Recently during several coaching calls I heard a common theme and the trend of hearing these comments always occurs during the last month of each quarter. What were those comments? Either the prospective client was asking for some kind of discount or the salespeople were asking for some sort of promotional discount so “I can close the deal”!
Generally this occurs because:
1) You have conditioned your customer or prospects to expect these kind of end of quarter promotion.
2) Your vendors want to achieve their numbers (public companies) and they have conditioned your salespeople to expect their spiffs or coupons.
3) Your sales team has not been trained to effectively sell the value of your firm or the value of the impact of your products/services on your prospects business! HINT: this needs to be done early and continually through the sales process.
First: if you hear the word “deal” even spoken by one of your salespeople-you have failed, in hiring that kind of salesperson or your training program has failed to set the standards. Doing “deals” is simply a bad mindset for professional salespeople and leads to discounts, coupons, lower margins. We work “opportunities” not deals.
Second: What can you do to reset this mindset? You need to build the mental toughness of your sales team. In both cases I recommended that each salesperson should watch two episodes of Pawn Stars, a popular show on the History Channel. They then need to discuss at the next sales meeting what they observed. If you have not watched it, the show covers the daily issues in a Pawn Store in Las Vegas, people bring in items to sell to the store and the store buys them and hopefully resells for a profit. There are four characters the reality show follows.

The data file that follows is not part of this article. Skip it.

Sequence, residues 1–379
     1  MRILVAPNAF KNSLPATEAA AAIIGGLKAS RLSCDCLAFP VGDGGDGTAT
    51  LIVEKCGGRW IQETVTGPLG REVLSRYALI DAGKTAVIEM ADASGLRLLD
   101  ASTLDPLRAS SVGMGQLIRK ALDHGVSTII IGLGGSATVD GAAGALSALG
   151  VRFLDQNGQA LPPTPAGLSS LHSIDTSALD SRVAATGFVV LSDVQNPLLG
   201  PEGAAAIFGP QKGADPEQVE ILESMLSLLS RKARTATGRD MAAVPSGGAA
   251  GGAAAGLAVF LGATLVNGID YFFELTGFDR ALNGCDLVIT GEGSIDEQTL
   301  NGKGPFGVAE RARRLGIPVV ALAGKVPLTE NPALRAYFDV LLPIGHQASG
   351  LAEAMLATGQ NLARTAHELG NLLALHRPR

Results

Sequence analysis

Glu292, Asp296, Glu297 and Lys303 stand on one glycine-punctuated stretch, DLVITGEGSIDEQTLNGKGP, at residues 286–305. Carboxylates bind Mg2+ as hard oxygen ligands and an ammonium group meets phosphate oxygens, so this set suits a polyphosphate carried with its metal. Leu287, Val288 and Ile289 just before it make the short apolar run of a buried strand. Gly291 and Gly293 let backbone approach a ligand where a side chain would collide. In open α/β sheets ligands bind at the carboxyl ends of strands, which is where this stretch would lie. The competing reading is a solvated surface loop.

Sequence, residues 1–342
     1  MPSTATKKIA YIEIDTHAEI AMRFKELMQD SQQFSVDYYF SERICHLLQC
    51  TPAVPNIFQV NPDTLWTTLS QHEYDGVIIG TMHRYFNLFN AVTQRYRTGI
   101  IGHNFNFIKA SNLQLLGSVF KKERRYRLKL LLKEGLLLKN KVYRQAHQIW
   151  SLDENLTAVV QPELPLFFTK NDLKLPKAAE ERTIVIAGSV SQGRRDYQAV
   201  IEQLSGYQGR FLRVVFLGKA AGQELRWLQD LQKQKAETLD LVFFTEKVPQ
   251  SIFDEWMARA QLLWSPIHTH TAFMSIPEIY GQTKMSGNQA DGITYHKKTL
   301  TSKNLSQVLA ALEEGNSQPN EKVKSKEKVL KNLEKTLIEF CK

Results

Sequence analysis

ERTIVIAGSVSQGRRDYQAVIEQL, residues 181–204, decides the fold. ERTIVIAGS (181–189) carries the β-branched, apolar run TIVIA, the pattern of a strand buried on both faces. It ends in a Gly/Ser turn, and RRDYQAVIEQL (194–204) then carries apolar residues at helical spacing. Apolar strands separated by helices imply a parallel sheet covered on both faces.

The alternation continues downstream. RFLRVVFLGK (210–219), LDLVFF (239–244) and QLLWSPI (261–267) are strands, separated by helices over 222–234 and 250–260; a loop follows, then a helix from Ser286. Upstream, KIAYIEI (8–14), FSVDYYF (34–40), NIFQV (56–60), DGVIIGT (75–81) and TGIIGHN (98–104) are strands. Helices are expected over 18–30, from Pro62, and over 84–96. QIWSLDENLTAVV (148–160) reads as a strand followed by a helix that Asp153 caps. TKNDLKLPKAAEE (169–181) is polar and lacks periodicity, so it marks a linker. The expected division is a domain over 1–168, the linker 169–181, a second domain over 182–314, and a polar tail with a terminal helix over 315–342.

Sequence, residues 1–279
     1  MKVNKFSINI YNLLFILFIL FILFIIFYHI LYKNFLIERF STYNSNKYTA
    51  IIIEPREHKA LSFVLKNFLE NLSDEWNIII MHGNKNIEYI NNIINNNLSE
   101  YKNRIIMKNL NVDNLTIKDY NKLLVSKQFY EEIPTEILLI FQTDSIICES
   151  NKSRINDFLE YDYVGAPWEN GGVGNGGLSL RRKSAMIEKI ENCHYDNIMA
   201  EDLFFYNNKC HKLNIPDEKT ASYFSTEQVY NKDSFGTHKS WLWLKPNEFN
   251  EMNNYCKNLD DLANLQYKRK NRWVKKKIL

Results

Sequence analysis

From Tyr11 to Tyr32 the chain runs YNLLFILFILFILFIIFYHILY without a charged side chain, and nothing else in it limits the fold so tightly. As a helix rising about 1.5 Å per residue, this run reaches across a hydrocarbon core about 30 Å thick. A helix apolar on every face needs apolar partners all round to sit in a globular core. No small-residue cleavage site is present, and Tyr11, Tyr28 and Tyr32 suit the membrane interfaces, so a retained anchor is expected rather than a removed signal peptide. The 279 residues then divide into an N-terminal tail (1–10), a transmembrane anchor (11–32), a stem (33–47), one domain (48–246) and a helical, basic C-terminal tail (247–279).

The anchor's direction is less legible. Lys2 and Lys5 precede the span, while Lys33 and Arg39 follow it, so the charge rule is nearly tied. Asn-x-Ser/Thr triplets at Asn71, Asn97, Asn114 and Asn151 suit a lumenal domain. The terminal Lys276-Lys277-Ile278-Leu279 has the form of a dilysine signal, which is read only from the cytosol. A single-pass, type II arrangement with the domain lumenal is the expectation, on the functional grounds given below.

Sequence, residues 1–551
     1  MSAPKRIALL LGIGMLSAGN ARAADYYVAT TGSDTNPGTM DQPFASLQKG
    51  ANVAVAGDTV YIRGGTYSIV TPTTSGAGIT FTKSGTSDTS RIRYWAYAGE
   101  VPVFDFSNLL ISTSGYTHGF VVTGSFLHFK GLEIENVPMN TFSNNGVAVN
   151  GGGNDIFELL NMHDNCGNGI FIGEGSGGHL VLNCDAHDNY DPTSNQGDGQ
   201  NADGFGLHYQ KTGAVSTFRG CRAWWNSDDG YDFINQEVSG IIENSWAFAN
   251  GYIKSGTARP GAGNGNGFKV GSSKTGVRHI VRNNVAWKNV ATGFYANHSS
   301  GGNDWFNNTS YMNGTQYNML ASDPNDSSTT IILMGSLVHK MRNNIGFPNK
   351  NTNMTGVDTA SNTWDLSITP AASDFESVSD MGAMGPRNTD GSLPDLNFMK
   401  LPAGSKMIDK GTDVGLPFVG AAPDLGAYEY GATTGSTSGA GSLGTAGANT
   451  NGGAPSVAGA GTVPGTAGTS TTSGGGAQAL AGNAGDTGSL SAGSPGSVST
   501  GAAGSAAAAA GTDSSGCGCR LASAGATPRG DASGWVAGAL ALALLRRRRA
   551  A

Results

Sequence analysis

What I want the salespeople to see is the owner; Rick, review the items people are bringing in, determine their real value to him, sets a price in his mind that he will pay and then begins to negotiate with the person selling the item to the store.
In some cases he brings in an “expert” to help he set that value. He then asks the person what they want in terms of money for the item, he proposes a price and banter between salesperson and customer (Rick) continue until they settle on a price. In almost every case the seller caves in because Rick knows how to negotiate better and eventually holds firm on his price and knows his business. In some situations the seller walks away for another opportunity, feeling he did not get his/her price.
In our world today, the salesperson must be the “expert”, and understand the value they are bringing to the buyer (Rick) and are mentally tough enough to handle the negotiation discussions and reinforcing the value they bring.
With too few opportunities in a closing mode, salespeople become weak minded. Your hiring must focus on testing that attitude, your activity management must be focused, your sales training must include skill building and your sales management coaching must help build this facet of their professionalism.
There is always something to learn from any life experience-even from the Pawn Stars.
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